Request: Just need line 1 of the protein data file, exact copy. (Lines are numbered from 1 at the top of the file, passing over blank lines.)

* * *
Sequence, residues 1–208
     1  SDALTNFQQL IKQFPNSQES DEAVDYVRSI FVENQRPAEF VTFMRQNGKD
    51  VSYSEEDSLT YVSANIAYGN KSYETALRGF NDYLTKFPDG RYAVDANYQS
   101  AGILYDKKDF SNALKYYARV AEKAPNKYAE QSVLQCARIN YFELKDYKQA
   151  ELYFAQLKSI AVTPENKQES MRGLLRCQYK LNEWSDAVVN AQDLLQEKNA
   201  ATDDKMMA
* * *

Sequence, residues 1–208